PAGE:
Bottom line: New York has lost its appeal for listings by smaller Chinese Internet companies, but should remain attractive for sector leaders like Didi Kuaidi and Meituan-Dianping.
China’s imminent resumption of IPOs after a 4-month pause seems like a good opportunity to review what’s shaping up as the year of the “reverse IPO” in New York by Chinese companies. Market watchers will know that I’m talking about this year’s record wave of privatization bids by US-listed Chinese firms, which saw around 3 dozen companies announce plans to de-list from New York during the year with an eye to re-listing back in China.
That’s not to say that no Chinese companies listed in New York this year, and I was able to track down at least 4 that made such offers. But those 4 collectively raised a paltry $200 million, or just a tiny fraction of the nearly $30 billion that Chinese companies raised in a record year for New York IPOs in 2014.
This kind of sentiment swing is relatively common in fickle financial markets, though the rapid change in this case is somewhat surprising. The biggest New York IPO by a Chinese company came in September 2014, when e-commerce giant Alibaba (NYSE: BABA) raised $25 billion in what has also become the world’s biggest-ever IPO.
Nothing has really changed in New York since then, and US investors continue to closely follow top Chinese names like Alibaba and Baidu (NYSE: BIDU). But while those stocks are getting lots of attention, the same isn’t true for the many smaller companies with market values under $1 billion. Those companies make up the vast majority of those now de-listing from New York, and many are eyeing a growing number of re-listing options in their home China market.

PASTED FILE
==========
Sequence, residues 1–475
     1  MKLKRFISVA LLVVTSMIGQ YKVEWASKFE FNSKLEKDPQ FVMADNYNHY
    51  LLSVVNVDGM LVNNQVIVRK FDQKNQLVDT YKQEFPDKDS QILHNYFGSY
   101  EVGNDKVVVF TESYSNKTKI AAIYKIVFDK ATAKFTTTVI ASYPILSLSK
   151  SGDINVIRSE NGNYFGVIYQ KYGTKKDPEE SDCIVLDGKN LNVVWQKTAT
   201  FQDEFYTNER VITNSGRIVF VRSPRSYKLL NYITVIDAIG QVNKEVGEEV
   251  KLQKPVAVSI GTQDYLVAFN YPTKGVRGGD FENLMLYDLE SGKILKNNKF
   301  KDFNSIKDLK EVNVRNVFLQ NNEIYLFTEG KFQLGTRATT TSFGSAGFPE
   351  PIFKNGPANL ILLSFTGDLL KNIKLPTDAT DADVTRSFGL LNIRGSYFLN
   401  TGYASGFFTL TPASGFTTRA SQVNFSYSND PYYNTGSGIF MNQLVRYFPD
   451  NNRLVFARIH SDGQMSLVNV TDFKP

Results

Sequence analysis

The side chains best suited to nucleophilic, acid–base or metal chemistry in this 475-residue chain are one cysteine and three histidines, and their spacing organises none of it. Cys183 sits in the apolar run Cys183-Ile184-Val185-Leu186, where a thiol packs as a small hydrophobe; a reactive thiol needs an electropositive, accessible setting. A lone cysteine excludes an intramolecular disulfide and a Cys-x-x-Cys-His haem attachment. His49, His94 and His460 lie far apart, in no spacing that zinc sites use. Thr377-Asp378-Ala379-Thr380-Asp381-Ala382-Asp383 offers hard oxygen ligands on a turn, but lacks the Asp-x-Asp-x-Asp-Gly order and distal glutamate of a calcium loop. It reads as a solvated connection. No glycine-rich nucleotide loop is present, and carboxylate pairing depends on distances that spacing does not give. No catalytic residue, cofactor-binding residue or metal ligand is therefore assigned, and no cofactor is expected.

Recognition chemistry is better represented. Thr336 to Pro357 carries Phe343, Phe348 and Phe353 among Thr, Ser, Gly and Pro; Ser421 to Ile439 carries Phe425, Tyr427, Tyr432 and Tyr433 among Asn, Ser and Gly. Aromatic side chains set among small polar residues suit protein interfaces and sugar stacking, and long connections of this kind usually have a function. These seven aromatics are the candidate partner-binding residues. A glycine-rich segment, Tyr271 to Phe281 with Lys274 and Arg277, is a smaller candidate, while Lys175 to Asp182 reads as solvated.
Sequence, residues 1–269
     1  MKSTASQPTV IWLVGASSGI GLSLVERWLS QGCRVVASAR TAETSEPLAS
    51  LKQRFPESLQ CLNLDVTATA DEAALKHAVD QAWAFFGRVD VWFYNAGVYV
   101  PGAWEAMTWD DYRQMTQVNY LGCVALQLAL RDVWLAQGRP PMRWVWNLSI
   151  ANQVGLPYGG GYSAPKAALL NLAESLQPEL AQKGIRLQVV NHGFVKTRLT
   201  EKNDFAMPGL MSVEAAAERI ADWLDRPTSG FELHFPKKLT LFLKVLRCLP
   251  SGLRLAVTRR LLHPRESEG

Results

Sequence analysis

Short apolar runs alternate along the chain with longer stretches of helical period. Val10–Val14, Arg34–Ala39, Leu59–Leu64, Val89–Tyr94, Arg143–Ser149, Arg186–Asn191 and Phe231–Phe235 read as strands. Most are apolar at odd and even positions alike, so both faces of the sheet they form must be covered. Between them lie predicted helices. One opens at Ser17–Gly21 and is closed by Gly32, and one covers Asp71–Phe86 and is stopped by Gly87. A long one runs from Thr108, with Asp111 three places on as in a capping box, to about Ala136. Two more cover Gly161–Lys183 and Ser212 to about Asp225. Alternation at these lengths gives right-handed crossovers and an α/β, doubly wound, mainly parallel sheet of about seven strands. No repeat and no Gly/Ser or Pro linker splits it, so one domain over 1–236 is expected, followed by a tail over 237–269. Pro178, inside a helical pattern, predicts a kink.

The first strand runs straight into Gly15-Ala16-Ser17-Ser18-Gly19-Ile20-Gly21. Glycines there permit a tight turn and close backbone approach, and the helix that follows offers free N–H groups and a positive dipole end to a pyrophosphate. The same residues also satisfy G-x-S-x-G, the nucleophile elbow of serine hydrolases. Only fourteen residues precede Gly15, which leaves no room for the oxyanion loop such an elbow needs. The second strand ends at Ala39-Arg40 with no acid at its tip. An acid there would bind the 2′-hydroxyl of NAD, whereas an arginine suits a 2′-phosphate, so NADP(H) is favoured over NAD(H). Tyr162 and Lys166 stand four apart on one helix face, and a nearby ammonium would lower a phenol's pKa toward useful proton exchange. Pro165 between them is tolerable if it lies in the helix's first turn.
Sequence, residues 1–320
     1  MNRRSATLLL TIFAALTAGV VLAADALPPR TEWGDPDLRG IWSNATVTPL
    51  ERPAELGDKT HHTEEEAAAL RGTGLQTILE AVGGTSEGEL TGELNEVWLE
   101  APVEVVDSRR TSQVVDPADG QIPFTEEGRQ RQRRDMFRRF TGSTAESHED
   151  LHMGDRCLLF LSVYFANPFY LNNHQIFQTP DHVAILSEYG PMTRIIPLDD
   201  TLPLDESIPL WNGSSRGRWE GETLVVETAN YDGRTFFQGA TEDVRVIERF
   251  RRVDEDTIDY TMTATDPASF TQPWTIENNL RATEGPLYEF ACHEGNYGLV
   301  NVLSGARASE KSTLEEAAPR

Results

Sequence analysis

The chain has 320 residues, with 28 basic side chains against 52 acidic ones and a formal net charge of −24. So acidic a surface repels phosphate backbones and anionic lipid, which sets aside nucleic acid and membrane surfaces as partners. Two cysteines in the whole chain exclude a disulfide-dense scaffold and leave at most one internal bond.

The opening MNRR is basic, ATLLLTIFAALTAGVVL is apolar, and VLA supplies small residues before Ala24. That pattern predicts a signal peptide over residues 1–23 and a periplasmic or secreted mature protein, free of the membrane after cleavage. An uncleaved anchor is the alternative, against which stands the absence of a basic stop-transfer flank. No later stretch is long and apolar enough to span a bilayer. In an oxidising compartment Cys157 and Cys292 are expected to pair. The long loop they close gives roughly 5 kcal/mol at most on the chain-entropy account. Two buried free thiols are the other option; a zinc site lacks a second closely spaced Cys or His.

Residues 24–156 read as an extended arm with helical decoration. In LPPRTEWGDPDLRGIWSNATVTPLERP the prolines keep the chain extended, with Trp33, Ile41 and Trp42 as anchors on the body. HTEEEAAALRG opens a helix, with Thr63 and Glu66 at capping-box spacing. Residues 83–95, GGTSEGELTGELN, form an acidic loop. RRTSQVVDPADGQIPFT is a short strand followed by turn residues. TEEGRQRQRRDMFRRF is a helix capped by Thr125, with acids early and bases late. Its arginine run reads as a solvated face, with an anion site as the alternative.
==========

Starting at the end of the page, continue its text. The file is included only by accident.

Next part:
My search of the archives reveals that at least 4 Chinese companies listed in the US this year, 3 on the Nasdaq and one on the New York Stock Exchange. Those included web designer Baozun (Nasdaq: BZUN); group buying site Wowo (Nasdaq: WOWO), also known as 55Tuan; real estate services site Jupai (NYSE: JP); and education services provider Hailiang (Nasdaq HLG). Of the four, the largest was Alibaba-backed Baozun, which raised around $100 million.
Somewhat coincidentally, 3 of the 4 companies priced their IPO shares at $10 apiece, with only Hailiang different at $7. Since then, Wowo, Baozun and Jupai are all down, losing 30 percent, 12 percent and 3 percent of their value, respectively, following their spring offerings. Only Hailiang has risen, up 33 percent from its July IPO, though even at its current price it still trades at quite a low valuation.
The pipeline for new US IPOs by Chinese companies also looks relatively thin, with just a couple of solar companies reportedly working on such deals that could come to market by year end. Both of those would come from builders of solar power plants, including one from the plant-building unit of panel maker Canadian Solar (Nasdaq: CSIQ) and the other by Solar Power Inc.
The trickle of new offerings contrasts sharply with last year, when Alibaba led a flood of New York IPOs that saw other major names like the Twitter-like Weibo (Nasdaq: WB) and e-commerce giant JD.com (Nasdaq: JD) make major new New York listings. Instead, this year has seen far more companies move in the other direction with privatization bids, led by multibillion-dollar buyout offers for security software specialist Qihoo 360 (NYSE: QIHU) and hotel operator Homeinns (Nasdaq: HMIN).
All of that raises the question of what’s ahead for 2016, and whether New York will ever regain its popularity for offshore Chinese listings. The answer to the latter question is probably “no”, since many smaller Chinese companies can now choose from a growing number of domestic boards in China targeting high-growth private companies. But New York will still remain an attractive choice for certain sectors like solar, and may also be a strong choice for mega offerings by sector leaders like group buying giant Meituan-Dianping and car services leader Didi Kuaidi.
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